Hurricane Florence may make East Coast gas more expensiveBy SAMUEL ROBINSON
September 11. 2018 10:25PM
Hurricane Florence may make gasoline more expensive along the East Coast as drivers fuel up ahead of the storm, while missing key refinery and storage hubs.
“Motorists can expect spikes in pump prices to be brief, but possibly dramatic,” Jeanette Casselano, a spokesman for AAA, said in a statement. “A storm like this typically causes an increase in fuel purchases in the market and a slowdown in retail demand.”
Hurricane Florence - now a category 4 storm - is expected to hit the coast between South Carolina and Virginia by the end of this week, potentially shutting distribution terminals in the mid-Atlantic.
Colonial Pipeline, the main conduit for moving gasoline and diesel from Houston to New York, runs through North Carolina, as does Kinder Morgan Inc.'s Plantation Pipeline.
Unlike Hurricane Harvey last year or Sandy in 2012, Florence's path toward the Carolinas and Virginia will miss refineries in the Gulf Coast and Philadelphia areas and the massive storage terminals along New York Harbor. Harvey shut more than one-quarter of U.S. fuel-making capacity, while Sandy crippled terminals and distribution lines in the huge New York market.
“I do not believe Hurricane Florence will affect gas pricing outside of the three states,” said Patrick DeHaan, senior analyst at GasBuddy. “Colonial Pipeline could lose power and it may be difficult to find gas stations after the storm passes.”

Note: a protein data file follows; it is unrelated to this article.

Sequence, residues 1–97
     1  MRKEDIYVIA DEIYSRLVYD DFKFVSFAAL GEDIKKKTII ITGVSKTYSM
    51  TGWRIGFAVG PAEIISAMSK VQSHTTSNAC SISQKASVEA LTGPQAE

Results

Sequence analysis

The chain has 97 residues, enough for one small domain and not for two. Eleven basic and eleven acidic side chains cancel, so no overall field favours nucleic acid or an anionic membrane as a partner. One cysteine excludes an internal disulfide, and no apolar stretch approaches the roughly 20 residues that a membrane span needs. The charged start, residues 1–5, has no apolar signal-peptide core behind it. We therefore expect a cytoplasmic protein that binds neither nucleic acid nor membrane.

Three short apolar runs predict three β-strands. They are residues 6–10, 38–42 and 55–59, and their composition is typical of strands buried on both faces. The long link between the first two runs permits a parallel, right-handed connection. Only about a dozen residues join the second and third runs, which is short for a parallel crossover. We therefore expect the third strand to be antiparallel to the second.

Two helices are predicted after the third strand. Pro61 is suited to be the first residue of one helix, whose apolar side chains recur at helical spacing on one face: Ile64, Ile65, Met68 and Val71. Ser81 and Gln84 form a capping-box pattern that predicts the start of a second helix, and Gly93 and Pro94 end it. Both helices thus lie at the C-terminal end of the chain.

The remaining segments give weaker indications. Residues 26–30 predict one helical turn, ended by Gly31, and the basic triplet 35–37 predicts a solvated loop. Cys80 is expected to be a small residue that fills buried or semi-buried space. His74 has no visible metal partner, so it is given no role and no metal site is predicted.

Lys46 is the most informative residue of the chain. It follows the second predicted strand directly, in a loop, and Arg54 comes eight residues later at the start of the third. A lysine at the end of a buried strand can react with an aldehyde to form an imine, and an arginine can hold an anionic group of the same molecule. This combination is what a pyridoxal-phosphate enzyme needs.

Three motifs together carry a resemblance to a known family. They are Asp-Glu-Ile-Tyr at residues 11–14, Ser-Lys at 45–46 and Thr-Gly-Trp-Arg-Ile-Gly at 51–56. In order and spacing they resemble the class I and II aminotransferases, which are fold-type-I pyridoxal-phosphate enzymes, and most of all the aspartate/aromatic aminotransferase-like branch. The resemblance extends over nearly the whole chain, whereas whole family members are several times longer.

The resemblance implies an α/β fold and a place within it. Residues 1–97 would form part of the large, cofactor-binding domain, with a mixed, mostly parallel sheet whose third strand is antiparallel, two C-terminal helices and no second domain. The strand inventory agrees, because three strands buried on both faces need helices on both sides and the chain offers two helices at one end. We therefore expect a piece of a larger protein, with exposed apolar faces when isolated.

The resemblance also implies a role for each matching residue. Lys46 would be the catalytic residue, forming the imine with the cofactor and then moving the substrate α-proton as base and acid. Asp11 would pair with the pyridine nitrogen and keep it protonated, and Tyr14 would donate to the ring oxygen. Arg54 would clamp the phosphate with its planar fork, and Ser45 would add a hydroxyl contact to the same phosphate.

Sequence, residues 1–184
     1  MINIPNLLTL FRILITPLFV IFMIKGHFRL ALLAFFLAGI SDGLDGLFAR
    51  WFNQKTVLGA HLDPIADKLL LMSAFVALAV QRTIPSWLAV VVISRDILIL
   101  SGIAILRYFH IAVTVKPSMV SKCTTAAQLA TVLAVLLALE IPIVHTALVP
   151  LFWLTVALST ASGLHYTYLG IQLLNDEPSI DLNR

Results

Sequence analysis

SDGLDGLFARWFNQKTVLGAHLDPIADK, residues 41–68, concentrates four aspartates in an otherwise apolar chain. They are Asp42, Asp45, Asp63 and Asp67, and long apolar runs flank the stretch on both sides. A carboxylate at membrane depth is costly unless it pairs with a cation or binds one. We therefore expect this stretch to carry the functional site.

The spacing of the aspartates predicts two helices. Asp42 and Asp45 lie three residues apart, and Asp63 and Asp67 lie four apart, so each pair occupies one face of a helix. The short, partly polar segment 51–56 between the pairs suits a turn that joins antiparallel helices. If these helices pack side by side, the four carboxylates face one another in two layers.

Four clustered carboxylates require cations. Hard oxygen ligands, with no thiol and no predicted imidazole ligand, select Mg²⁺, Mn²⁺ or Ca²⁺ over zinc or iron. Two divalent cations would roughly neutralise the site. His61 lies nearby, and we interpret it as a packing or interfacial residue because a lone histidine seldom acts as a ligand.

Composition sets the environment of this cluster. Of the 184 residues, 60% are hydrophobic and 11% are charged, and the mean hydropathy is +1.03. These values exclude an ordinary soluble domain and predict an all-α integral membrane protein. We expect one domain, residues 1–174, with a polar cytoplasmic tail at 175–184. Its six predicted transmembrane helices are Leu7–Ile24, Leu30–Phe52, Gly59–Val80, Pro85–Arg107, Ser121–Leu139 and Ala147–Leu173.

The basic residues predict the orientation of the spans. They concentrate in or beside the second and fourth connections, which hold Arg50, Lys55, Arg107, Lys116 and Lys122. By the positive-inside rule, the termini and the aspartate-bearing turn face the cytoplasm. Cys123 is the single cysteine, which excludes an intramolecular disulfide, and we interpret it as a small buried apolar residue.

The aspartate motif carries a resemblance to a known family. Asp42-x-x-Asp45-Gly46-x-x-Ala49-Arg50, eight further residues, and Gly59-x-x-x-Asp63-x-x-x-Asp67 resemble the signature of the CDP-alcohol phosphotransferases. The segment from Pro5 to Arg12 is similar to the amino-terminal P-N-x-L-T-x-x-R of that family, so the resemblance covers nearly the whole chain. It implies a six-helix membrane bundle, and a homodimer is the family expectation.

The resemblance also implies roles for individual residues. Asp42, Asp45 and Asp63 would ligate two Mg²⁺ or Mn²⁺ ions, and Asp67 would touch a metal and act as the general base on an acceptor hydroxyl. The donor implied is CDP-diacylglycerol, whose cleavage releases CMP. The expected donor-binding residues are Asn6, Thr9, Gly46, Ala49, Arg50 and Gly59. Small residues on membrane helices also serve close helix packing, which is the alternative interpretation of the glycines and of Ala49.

Long-haul pipeline systems depend largely on commercial power to pump the fuel through the lines.
Colonial has activated its preparedness plans, Steve Baker, a company spokesman, said in an email. All of Kinder Morgan's facilities remain operational, Melissa Ruiz, a Kinder spokeswoman, said in an email.
The storm could delay the typical price drop seen during the fall, as retail stations switch from selling cleaner, harder-to-produce summer-grade gasoline to winter-grade, which is less expensive to make.
Florence isn't likely to rival Hurricanes Harvey or Irma, DeHaan said. “On a severity scale of 1 to 10 I would rate a 3.”
With assistance from Bloomberg's Barbara Powell.